What is ensemble acting? Is it different from any other kind of acting? “Ensemble acting happens when the play is more important than any one of the actors,” claims Glenn Close, who was part of the much-praised ensemble in last year’s film The Big Chill, and who considers her Tony-winning, above-the-title role in The Real Thing on Broadway just as significant an ensemble effort. “Ensemble acting doesn’t necessarily mean equality of roles,” she insists. “It means listening and thinking. But you can’t have good ensemble acting without the kind of writing that brings it out in the actors.”
Close was joined on a Drama Desk luncheon panel April 26 in New York by a lineup of actors with equally seasoned opinions on the subject: Mary Alice, Tanya Berezin, Ruth Maleczech, Geraldine Page, Robert Prosky and Chip Zien.
“Inter-reaction is what it’s about,” asserted Page. “Even star vehicles now try to get actors who really know how to react—today’s audiences want that.”
“Having stars in plays doesn’t preclude ensemble acting,” agreed Berezin, who was a founder of Circle Repertory Company and has been a company member since 1969. “An ensemble doesn’t mean a lot of actors nobody ever heard of.”
“Of course any play is an ensemble event,” generalized Alice, recalling the days when group classes and a stable company helped put the “ensemble” in Negro Ensemble Company.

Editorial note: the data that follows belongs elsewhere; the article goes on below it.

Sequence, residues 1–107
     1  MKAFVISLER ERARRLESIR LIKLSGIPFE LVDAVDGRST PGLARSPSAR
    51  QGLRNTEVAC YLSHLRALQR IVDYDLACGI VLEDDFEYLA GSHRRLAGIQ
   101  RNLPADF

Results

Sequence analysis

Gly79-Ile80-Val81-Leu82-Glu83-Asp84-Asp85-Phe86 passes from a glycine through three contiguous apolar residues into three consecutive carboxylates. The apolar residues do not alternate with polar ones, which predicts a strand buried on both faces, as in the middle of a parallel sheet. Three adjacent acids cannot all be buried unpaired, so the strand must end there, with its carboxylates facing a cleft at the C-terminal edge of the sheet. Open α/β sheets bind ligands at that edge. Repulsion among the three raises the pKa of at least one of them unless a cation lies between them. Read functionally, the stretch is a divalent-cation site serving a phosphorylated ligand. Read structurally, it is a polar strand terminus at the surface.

“A good play with a good cast will have ensemble acting,” conceded Zien, who was part of the singing quintet in William Finn’s demanding March of the Falsettos two seasons ago at New York’s Playwrights Horizons. “But the real ensemble concept, which takes years of training and development, is rare. Most actors in America are jobbed in—it’s the luck of the draw.”
“Working together with the same actors for nine years doesn’t guarantee you’ll become an ensemble,” countered Prosky, who was himself a company member at Arena Stage in Washington for 23 years. Prosky is currently contributing to the stunning ensemble effect of David Mamet’s Glengarry Glen Ross in the Goodman Theatre production which transferred from Chicago to Broadway. “With a continuum of creative activity, mutual respect and commitment to other people, it can happen,” Prosky concluded.
“Brecht had the best idea of what ensemble acting should be,” believes Maleczech, whose work with Mabou Mines has been cited as a model of theatrical collaboration. “He got people committed to him, then used his own reputation to make them ‘stars’ based on their association with him. Passion is the tie that locks people into the ensemble,” she went on, “passion for a person, or for a given play or for an idea. That feeling is very hard to get in this country.”
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